That despite its title being a question I have asked myself since being kicked out of Sunday school for not buying the lines about how women are supposed to behave.
Those are fair game, very fair game. There's nothing defensible about treating women like chattel, punishing them for being raped, marrying them off as children to old men, forbidding them from working or driving, restraining their movements, keeping them illiterate -- not to mention all those stoning, female genital mutilation and so-called honour killing horrors.
This is not to say that it's worse than say Christianity since Christianity has its own revolting record of witch-burnings, slavery, genocide in the Americas and such. It's just that Christianity managed to mostly climb out of the Dark Ages, eventually, although it took women's rights several more centuries to catch up.
As for the Catholic church, well, you know there's a reason why AIDS is the number one killer of women today, as reported by a just-published and sickening World Health Organization study (PDF). It doesn't help that the Vatican won't approve of condoms.
(And, as we saw last week, the US Conference of Catholic Bishops stuck its nose in the healthcare reform debate and had a major influence on its outcome: the effective end of government funding for abortion except in cases of rape and incest or to save the life of the living incubator unit.)
Which is why I was disappointed by the book. It doesn't mention much about the crimes against women committed -- still -- by the Church. And it barely touches on those whacked out fundamentalist outfits in North America.
But I liked the title.
So I picked up the phone and called Stangroom to get more from him.
Does God Hate Women? is the bordering-on-inflammatory title of an examination of how religion and culture combine to control and oppress women – even unto the 21st century.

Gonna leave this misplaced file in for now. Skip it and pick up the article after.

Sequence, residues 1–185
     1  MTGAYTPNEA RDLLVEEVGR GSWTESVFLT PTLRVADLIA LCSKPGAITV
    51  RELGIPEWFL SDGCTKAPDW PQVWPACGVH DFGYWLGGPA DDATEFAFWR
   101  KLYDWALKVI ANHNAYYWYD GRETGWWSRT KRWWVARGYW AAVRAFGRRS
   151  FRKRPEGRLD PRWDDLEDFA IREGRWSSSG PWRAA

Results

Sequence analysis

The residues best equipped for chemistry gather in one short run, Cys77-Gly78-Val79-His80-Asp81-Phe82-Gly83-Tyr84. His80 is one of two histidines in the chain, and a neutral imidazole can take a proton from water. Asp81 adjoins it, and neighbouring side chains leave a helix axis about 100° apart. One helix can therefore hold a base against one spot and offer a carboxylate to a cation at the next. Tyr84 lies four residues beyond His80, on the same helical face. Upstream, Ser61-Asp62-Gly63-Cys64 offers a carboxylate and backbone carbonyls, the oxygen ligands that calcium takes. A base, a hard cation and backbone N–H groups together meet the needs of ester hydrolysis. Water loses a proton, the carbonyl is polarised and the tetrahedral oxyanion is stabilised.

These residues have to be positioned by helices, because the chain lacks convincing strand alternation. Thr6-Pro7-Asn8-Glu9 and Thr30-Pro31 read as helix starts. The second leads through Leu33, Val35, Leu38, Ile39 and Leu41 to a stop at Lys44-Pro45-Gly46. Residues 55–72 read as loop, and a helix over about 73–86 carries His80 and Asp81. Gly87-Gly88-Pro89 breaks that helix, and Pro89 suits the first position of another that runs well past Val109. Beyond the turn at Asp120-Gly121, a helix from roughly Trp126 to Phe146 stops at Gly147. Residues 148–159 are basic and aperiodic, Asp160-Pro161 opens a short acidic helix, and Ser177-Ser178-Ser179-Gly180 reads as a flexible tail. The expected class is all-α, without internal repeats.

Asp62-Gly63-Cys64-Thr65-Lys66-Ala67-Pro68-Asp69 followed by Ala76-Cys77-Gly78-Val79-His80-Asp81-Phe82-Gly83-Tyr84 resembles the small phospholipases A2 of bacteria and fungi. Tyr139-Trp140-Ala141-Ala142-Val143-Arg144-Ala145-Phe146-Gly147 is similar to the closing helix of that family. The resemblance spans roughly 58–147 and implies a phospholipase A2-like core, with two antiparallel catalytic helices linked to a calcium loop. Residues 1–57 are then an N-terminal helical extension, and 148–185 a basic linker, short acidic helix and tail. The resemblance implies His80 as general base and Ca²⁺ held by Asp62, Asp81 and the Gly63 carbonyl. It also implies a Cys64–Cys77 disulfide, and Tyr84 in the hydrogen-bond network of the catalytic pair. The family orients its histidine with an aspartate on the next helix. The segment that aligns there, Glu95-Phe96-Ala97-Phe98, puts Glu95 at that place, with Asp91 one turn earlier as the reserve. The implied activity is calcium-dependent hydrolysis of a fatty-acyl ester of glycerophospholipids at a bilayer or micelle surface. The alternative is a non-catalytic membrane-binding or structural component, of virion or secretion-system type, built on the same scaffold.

Co-authors Ophelia Benson and Jeremy Stangroom, both editors at London-based The Philosophers' Magazine, are politically incorrect in their criticisms, which is why they received an "implicit death threat'' in the U.K. after a recent review.
I reached Stangroom at his home in Toronto. This is an edited version of our conversation.
Q: The book almost completely focuses on Islam: stonings, so-called honour killings, female genital mutilation. Why?
A: That isn't what we set out to do. We set out to look at how various religions treat women. We do talk about Catholicism, the fundamentalists, Mormons and so on. They were all originally developed within social structures that were patriarchal. But our judgment is that Islam has more negative things associated with it than any other religion at this time in history.
Q: You don't write much about the Catholic Church, nothing on contraception for example, nor on AIDS in Africa. You mention abortion, but only briefly.
A: Maybe we should have done. Our basic point is that religion, including Catholicism, makes a claim over a woman's body that not only is an imposition on individual freedom but it can also play out in ways that have horrific and tragic results for health.